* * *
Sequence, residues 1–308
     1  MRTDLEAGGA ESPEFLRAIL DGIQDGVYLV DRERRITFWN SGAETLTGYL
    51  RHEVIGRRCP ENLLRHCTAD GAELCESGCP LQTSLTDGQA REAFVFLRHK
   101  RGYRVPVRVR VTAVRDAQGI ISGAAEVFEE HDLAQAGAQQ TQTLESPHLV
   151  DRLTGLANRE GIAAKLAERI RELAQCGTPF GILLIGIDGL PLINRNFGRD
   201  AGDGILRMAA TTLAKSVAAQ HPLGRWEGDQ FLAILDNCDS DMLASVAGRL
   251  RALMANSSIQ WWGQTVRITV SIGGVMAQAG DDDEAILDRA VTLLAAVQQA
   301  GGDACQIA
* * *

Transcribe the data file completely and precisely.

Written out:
Sequence, residues 1–308
     1  MRTDLEAGGA ESPEFLRAIL DGIQDGVYLV DRERRITFWN SGAETLTGYL
    51  RHEVIGRRCP ENLLRHCTAD GAELCESGCP LQTSLTDGQA REAFVFLRHK
   101  RGYRVPVRVR VTAVRDAQGI ISGAAEVFEE HDLAQAGAQQ TQTLESPHLV
   151  DRLTGLANRE GIAAKLAERI RELAQCGTPF GILLIGIDGL PLINRNFGRD
   201  AGDGILRMAA TTLAKSVAAQ HPLGRWEGDQ FLAILDNCDS DMLASVAGRL
   251  RALMANSSIQ WWGQTVRITV SIGGVMAQAG DDDEAILDRA VTLLAAVQQA
   301  GGDACQIA